2019: Recession or Soft Patch? Considerations at the Inflection Point

Recap of 2018, since December 16th

“There are decades where nothing happens; and there are weeks where decades happen.” - Lenin

On Sunday afternoon December 16, 2018, I wrote Looking Towards 2019: Recession or Soft Patch? Inflection Point . Here is what subsequently happened in the following 9.5 trading days into year end:

Current Take and Immediate-Term Outlook

Measures of sentiment have recovered, despite poor price action

Various measures of sentiment have recovered since I wrote Looking Towards 2019: Recession or Soft Patch? Inflection Point on December 16, 2018. This recovery in sentiment contrasts against the clear and severe deterioration in price action. Even with the bounce from 2,350 on the S&P 500, buying and/or holding stocks continues to feel like what shorting stocks feels like (the true gauge for a bear market, in my view). Price action feels very unstable (just take a look at the price action within the last 5-10 minutes of the 31st).

No capitulation: Buyers AND Sellers Want Higher Prices

Historic market price action tends to climax with some very clear markers. While sentiment was certainly lower when S&P 500 briefly touched 2,350 compared to the the days leading into that day, we have still yet to see the capitulation that tends to mark the end of historic moves. And the December move was historic.

Those who were bearish into December, have flipped bullish: they want higher prices to sell and/or short into. Bulls who were bearish in December want higher, to reinforce the possibility that a bottom is in. When both buyers and sellers want higher prices, what tends to happen?

the above observations - coupled with other observations - lead me to believe that: (1) the market continues to be defined by bear market price action (I don’t care for “official” definitions of bear markets) (2) the bottom is not in.

2019 Full-Year Considerations

If the US equity market price action in 2018 – particularly Q1 and Q4 – has served the purpose of curing very high market expectations rather than pricing in the risk of recession, markets would not be irrational to start pricing in the possibility of global recession, regardless of whether or not an actual recession is to take place this year. Markets overshoot to the upside and to the downside. Some reasons markets may overshoot to the downside (reasons beyond those mentioned in my previous post):

  • China and Europe Softness - China and parts of Europe of showing signs of recessionary or near recessionary conditions, as their respective markets have been signaling. What is the transmission mechanism - if any - to the US economy? US Markets may shoot first, ask questions later.
  • US Deceleration - Some additional signs (beyond rates, housing, and semiconductors) of faster and/or more severe deceleration than expected. For example: “Global trade has slowed in recent months and leading indicators point to ongoing deceleration in global trade near-term.” - Fedex, December 18, 2018.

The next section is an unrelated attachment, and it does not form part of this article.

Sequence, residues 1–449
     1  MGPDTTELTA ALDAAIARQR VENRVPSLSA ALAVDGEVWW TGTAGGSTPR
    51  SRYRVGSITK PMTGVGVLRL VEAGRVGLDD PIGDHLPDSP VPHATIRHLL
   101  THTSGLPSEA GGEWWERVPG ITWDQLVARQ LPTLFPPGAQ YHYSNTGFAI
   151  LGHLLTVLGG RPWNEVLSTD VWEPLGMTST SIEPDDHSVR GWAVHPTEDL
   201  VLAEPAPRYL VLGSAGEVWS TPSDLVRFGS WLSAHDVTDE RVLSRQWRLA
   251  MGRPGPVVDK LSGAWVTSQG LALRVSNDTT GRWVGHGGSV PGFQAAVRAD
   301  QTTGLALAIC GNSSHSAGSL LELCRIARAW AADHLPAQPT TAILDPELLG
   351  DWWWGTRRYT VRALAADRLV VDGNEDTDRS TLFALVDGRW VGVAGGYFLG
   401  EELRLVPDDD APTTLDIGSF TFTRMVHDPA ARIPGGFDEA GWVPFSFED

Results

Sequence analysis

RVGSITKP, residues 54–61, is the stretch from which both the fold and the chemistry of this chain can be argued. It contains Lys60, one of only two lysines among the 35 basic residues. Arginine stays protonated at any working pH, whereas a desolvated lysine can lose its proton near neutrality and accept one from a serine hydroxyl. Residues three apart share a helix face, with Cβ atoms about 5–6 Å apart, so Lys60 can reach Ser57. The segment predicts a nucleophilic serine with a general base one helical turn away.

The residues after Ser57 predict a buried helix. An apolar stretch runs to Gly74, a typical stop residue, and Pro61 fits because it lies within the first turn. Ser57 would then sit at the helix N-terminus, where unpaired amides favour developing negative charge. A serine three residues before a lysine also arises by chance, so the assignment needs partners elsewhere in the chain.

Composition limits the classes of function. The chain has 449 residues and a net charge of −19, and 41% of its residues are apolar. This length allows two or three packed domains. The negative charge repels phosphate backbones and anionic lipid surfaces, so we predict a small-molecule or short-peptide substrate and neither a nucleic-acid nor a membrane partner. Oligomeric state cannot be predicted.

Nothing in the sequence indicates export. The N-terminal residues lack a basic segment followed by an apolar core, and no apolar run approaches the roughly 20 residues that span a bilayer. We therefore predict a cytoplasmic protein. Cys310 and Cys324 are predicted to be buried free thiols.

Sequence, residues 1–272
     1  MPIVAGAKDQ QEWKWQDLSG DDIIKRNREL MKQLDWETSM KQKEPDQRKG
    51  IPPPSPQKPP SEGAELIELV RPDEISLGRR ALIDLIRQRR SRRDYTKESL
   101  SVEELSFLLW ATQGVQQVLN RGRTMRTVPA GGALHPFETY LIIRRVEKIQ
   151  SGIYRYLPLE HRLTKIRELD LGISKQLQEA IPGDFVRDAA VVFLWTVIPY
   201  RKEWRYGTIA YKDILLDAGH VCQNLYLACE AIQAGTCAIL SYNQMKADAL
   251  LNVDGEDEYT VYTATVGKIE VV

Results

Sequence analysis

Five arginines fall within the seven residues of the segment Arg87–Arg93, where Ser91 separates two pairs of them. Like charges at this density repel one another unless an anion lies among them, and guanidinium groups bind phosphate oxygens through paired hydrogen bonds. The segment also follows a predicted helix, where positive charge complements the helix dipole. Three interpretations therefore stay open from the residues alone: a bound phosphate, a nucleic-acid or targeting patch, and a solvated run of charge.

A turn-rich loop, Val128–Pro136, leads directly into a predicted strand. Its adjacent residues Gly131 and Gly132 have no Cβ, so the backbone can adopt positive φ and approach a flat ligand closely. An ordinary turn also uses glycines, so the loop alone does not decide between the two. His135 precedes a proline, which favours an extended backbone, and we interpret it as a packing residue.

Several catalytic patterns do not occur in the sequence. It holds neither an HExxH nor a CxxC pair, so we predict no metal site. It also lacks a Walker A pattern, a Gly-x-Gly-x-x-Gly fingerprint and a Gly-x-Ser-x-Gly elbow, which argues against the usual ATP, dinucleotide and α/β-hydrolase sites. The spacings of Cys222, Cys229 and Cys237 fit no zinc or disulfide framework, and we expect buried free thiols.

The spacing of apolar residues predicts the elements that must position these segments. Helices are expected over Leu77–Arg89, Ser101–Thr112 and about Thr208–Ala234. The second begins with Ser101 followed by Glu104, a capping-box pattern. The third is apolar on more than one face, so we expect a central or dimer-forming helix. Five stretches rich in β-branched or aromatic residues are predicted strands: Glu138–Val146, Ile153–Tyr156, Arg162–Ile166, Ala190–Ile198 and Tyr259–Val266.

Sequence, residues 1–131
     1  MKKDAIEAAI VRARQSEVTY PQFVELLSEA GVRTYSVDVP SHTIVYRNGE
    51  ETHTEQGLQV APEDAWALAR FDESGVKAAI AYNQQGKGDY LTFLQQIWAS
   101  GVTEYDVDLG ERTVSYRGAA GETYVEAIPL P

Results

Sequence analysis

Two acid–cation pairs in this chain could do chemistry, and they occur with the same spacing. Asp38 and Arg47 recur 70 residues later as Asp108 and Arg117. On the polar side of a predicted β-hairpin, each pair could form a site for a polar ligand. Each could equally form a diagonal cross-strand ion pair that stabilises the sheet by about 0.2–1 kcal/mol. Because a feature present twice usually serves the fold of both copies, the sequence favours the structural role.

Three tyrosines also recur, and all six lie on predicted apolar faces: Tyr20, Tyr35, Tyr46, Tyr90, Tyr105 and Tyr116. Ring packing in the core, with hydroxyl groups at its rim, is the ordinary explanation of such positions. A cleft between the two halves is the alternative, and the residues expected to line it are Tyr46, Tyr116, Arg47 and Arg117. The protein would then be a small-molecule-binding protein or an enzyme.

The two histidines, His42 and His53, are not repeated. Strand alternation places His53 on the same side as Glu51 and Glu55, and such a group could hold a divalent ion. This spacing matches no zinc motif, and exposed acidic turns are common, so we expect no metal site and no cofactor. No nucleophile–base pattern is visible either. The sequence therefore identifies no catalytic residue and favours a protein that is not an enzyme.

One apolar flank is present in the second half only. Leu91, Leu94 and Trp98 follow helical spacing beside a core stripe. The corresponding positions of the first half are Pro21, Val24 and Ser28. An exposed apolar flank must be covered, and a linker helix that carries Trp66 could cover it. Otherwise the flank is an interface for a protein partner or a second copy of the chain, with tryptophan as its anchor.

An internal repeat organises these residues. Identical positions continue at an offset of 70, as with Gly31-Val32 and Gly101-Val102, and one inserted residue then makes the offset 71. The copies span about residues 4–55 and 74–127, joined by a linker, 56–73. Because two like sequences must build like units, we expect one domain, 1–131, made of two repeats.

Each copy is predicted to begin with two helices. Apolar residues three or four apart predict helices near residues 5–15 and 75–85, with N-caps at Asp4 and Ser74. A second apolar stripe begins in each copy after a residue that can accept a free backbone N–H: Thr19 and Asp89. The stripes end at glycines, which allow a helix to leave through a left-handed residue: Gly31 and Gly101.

• Wealth Effects in Reverse - Do asset prices (particularly, changes in asset prices) affect the real economy? Some believe that the wealth effect is stronger when asset prices decline, rather than when they rise. On a YoY , QoQ, Peak to trough basis, financial asset prices are meaningfully down, worldwide.
  • Hedge fund blowups and Family Office Conversions - If US equity prices do not immediately recover in Q1, the risk of further redemptions and more blowups in hedge funds substantially increase (as many “hedge funds” are really nothing more than levered beta…this observation, by the way, applies doubly/triply so to private equity). At what point does the institutional investor LP see the truth that many “hedge” funds (and more so private equity firms) are nothing more than rent collectors? If a hedge fund with significant short exposure (though long biased) nevertheless underperforms the S&P 500 in 2018, AND over the last 2, 3, 4+ years, why bother? Why pay ANY management fees? Perhaps the industry requires a return to capital-guarantee and/or only performance fee-only models.
  • Short sellers became short squeezers - Since 2017, many formerly short only professionals have become… short squeezers. This behavior was rewarded by the market, until recently months, yet I don’t think this behavior has “unwinded” just yet. Note that this phenomenon was in vogue in 1987, in the months preceding the now famous crash of ’87.
  • DIS long pitch - a recent DIS long pitch (which boils down to multiples expansion), suggests to me that the corrective action in US equity prices is not complete yet.
  • Historical comparisons and analogues must look past the last 10 years - Analysis that consisted of “this hasn’t happened in the last 3-5 years” got many market participants in trouble in December.



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